Bosnia: A Long Road Ahead in Anti-Corruption Efforts
Lack of political will and inadequate anti-corruption efforts are hindering Bosniaâs fight against corruption, says a joint report by the Center for Investigative Reporting (CIN) from Sarajevo and the Center for the Study of Democracy (CSD) from Sofia.
The Corruption Monitoring Report examines âcorruption and anti-corruption developments in Bosnia and Herzegovina (BiH)â between 2001 and 2011 according to citizensâ accounts. The report is based on CSDâs Corruption Monitoring System, and examines parameters such as âactual involvement in and personal experiences with corrupt practices; public attitudes towards corruption; perceptions of corruption; corruption-related expectations.â
Based on international models, Bosniaâs anti-corruption efforts are âlacking local insight,â finds the report. Not only are they âforeign in nature,â their implementation rests with local institutions which lack the ability to enforce them effectively. Anti-corruption efforts have not been fully integrated into the system, but remain as a separate set of measures in an already fragmented system. To make matters worse, communication and cooperation between relevant state actors is often inadequate.
While increased public awareness of the prevalence of corruption has lead to âslight decrease in corruption practicesâ since 2001, the âcorruption pressure from the public administration has increased, and the society has grown more disillusioned with public institutionsâ ability to tackle corruption effectively.â Police and Customs are perceived as most corrupt, while journalists and teachers are seen as least corrupt.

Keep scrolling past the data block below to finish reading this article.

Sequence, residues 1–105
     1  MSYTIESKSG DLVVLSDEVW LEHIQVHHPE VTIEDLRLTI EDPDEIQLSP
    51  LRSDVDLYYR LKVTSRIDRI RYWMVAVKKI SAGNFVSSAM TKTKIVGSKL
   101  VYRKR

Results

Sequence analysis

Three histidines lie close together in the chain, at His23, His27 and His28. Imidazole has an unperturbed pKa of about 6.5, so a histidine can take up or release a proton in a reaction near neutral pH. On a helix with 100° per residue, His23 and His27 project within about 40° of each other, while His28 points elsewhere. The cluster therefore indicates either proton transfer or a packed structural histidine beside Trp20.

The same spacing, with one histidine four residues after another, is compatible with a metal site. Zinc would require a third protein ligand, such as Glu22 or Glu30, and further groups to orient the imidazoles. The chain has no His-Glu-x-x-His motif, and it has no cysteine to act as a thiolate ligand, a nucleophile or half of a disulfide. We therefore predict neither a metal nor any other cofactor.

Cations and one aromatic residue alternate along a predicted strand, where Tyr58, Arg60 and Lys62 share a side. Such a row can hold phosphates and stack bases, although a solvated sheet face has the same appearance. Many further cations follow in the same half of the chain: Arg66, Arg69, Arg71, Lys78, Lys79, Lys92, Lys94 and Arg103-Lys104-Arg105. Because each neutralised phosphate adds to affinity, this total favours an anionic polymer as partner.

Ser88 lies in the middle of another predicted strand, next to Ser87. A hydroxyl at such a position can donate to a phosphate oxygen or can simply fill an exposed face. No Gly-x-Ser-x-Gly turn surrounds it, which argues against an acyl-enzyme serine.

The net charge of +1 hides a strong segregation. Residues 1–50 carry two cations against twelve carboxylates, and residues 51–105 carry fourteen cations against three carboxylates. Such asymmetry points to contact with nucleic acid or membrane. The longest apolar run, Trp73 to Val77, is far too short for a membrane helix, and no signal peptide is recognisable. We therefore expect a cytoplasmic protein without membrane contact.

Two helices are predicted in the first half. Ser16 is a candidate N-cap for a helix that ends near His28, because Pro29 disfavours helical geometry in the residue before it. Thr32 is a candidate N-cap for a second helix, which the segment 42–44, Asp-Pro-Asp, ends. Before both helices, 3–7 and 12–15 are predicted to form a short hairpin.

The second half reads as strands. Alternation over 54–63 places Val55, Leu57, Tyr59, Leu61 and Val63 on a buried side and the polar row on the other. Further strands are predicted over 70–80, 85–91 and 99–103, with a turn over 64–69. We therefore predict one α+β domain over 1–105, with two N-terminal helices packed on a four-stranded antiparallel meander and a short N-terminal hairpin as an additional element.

According to the report, levels of corruption in Bosnia started rising after 2000. New anti-corruption legislation and strategies were introduced at this time, and courts began investigating cases of corruption. However, convictions on charges of corruption are still rare, and high-level politicians and organized crime figures are notably absent from courtrooms. Even when measure are taken against such individuals, reversals of court decisions and release from custody are not unusual.
Asked about what drives corruption in Bosnia, more than half of respondents in 2011 named âinsufficient legislation and personal enrichment of the governing elite as the two major factors nourishing corrupt practices in the country.â The judiciary is perceived as being even less effective than in 2001, and lack of transparency and accountability remain two chief problems in the workings of government institutions.
In addition, âsusceptibility to corruptionâ is higher than the tolerance of corruption, as citizens are more likely to engage in corrupt practices under pressure, and practical needs often win over personal values.
While slight progress has been made, Bosnia remains unable to tackle corruption effectively, and a large portion of its citizens are pessimistic about the countryâs future. While modeled on successful Western anti-corruption measures, the anti-corruption efforts in Bosnia often donât work well enough in the framework of local customs and structures.
CIN and CSD presented their report Tuesday at the Anticorruption Forum organized as part of "Empowering civil society in Bosnia and Herzegovina to fight corruption: new tools and regional knowledge sharing," a project funded by the European Union (EU).